- POSTED: 08 Feb 2014 06:11
The US Treasury said it was launching "extraordinary" money management procedures to keep paying its bills as its ability to borrow to finance the country's deficit was capped.
WASHINGTON: The US Treasury said on Friday it was launching "extraordinary" money management procedures to keep paying its bills as its ability to borrow to finance the country's deficit was capped.
The official debt ceiling was to be reinstated late Friday at the current borrowing level - nearly US$17.3 trillion - as Congress and the White House squared off in the newest battle over the cap that could, for the fourth time in three years, push the US close to a default.
In a letter, Treasury Secretary Jacob Lew told John Boehner, the Speaker of the House of Representatives, that "it would be a mistake to wait until the last possible minute" to raise the ceiling.
Special measures to keep up with the government's obligations would only last three weeks, he said.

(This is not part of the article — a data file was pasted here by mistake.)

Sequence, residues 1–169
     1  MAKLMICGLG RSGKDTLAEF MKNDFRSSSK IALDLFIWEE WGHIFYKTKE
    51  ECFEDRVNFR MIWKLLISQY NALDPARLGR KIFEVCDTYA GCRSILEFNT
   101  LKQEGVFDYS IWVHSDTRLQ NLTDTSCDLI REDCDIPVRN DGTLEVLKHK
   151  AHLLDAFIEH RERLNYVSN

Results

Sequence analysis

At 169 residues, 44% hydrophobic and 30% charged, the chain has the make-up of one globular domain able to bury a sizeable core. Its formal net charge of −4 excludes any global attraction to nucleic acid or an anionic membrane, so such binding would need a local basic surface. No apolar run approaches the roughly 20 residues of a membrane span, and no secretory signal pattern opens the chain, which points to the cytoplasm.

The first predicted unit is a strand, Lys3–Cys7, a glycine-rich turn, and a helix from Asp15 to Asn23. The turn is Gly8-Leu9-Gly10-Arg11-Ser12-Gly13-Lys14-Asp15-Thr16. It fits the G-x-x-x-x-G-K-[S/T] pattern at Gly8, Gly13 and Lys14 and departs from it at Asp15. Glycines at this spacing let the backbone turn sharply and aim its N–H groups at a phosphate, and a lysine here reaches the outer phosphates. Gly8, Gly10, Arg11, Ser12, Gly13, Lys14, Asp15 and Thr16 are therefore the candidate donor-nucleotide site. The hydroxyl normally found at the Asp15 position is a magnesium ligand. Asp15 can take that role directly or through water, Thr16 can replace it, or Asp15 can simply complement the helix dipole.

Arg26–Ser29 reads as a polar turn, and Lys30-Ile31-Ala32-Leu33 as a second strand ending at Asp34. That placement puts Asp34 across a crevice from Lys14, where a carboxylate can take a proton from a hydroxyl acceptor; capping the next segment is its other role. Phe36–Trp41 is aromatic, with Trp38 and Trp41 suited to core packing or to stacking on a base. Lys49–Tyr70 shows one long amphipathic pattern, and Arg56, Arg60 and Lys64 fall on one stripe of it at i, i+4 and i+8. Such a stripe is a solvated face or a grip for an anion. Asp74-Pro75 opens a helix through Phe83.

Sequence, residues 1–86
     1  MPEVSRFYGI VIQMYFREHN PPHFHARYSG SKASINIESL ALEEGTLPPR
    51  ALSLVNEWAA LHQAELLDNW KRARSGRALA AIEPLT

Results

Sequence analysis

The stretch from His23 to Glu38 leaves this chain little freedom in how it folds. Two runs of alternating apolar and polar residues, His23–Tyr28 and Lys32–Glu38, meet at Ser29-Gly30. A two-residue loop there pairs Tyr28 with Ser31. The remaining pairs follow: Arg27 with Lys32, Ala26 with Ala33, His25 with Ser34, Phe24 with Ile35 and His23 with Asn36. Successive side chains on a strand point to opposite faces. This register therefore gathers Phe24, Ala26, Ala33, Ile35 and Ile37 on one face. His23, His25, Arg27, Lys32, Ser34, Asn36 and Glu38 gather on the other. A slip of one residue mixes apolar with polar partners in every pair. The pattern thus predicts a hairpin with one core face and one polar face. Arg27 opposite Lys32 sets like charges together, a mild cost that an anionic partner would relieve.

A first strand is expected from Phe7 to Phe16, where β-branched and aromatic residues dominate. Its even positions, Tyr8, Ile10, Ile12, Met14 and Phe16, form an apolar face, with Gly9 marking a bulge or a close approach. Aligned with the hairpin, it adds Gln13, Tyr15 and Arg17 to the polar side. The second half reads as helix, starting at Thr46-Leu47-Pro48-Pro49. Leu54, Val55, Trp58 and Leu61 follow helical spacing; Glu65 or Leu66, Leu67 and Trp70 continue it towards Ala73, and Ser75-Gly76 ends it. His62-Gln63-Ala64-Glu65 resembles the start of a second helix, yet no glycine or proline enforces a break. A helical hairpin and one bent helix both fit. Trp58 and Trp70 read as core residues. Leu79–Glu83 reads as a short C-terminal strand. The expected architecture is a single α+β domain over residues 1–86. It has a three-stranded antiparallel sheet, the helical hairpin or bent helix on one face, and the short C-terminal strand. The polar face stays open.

"We are not confident that the extraordinary measures will last beyond Thursday, February 27," Lew said.
"If Treasury has insufficient cash on hand, it would be impossible for our nation to meet all of its obligations for the first time in history."
The obligations include everything from ongoing operations to salaries and pensions to servicing the country's debt load.
Boehner's Republican Party has sought to tie budget measures to any legislation raising the debt ceiling, but President Barack Obama has repeatedly said he would not accept any conditions for an increase.
The government has a chronic budget deficit, projected at US$500 billion this year, which it needs to fund through borrowing.
On previous showdowns over the debt ceiling, businesses and investors became more cautious and US bond yields rose amid worry that the country could be forced to default on its debt.
The borrowing ceiling was last lifted in October, after a debt and budget fight that forced the temporary shutdown of much of the government.
In a similar debt ceiling showdown in August 2011, Standard & Poor's dealt the country its first-ever credit rating downgrade, citing the uncertainty created by repeated budget and borrowing battles over policy making.